Kelly's best friend is Adam, who is played by someone named Phineas Newborn III. Kelly calls him "Cupcakes," and believe me when I tell you that her explanation, which is that he's cute as a cupcake, is not at all necessary. The character of Cupcakes comes straight (ahem) out of every mid-'80s cliché about what a best-pal male dancer who is not a love interest and is named "Cupcakes" might be like. If you get my lavender-wearing meaning.
It is also here that I must tell you, as delicately as I can, that Cupcakes wears what I can only call the most explicit pants I have ever seen in a movie. No fooling. And it's not just the pants for dancing, which you might expect to be fairly explicit, as are most dance-y pants. Cupcakes wears very, very explicit jeans as well, to the point where he simply appeared on screen at one point, doing nothing remotely comedic, to a sudden burst of hysterical laughter of the audience with which I enjoyed the show. And as much as I'd like to judge, I can't even blame them for being juvenile, because those are some explicit pants.
Anyhoo, Cupcakes takes Kelly to meet some of his break dancing buddies, the most relevant of whom turn out to be Ozone and Turbo, played by the actually talented Adolfo "Shabba-Doo" Quinones and Michael "Boogaloo Shrimp" Chambers, respectively. Of the two, Ozone is the knowledgeable, responsible Fonzie, and Turbo is the young, fresh, devil-may-care Chachi.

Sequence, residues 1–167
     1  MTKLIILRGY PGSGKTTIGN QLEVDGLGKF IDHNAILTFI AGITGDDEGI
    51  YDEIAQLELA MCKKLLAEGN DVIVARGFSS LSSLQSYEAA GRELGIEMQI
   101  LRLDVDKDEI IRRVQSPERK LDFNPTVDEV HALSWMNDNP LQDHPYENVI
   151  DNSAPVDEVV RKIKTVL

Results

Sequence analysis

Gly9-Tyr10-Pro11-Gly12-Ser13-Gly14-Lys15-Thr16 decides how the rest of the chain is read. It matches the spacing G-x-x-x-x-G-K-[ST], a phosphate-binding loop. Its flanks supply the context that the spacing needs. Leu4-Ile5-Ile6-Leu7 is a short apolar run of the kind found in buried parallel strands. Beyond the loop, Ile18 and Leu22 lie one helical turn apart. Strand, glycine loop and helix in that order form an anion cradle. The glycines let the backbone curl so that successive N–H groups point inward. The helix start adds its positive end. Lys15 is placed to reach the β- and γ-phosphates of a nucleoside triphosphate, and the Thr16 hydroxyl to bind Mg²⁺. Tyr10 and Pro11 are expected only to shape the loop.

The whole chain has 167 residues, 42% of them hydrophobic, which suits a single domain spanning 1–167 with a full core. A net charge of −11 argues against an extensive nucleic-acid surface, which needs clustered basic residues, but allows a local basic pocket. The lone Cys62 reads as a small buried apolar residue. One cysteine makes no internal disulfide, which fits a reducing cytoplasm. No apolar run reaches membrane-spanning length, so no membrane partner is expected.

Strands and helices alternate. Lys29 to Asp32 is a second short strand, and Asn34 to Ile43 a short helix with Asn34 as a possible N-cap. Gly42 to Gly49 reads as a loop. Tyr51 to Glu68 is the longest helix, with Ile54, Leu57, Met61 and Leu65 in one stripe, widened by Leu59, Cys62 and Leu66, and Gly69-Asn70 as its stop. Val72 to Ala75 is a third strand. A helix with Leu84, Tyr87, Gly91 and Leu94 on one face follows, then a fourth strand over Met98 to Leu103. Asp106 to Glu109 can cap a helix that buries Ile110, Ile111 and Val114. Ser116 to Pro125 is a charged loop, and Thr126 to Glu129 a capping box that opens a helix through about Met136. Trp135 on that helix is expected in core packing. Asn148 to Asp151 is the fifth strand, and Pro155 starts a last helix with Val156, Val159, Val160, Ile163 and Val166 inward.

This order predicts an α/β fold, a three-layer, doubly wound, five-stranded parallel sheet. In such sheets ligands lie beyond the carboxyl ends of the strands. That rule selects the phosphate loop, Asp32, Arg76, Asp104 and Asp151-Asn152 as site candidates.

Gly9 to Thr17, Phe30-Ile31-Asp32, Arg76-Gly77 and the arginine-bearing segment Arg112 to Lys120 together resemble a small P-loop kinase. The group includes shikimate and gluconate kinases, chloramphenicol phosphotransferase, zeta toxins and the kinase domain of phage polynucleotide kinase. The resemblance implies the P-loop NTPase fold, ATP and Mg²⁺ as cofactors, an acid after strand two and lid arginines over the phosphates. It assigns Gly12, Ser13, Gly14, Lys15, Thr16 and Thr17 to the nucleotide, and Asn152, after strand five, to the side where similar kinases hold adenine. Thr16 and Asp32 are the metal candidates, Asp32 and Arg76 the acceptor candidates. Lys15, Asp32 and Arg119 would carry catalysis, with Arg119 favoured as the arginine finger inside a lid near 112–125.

(You will notice that real-life break dancers have actual cool names like "Shabba-Doo" and "Boogaloo Shrimp," while movie break dancers have lame names like "Ozone" and "Turbo," which sound like street names created by a subcommittee of the Unified Brotherhood Of People Who Can Only Clap On The Downbeat.)
Kelly befriends Ozone and Turbo, who seem to like her in spite of the fact that when they meet her, she proceeds to commit acts of dancing so square that you could use her to align the studs to frame a house. This friendship develops just in time for Kelly to see them lose a dance-rumble to their arch rivals (you can tell Kelly is new to "the scene," because she wears a button-down blue Oxford shirt to the rumble, which: faux pas). This happens because said arch rivals introduce a secret weapon: A GIRL.
So now Ozone and Turbo need a girl, and Kelly naturally volunteers. So they teach her poppin', lockin', and sparkle-wearin'. And indeed, they taste sweet victory in the rematch -- as a rapper by the name of Ice-T provides the tunes.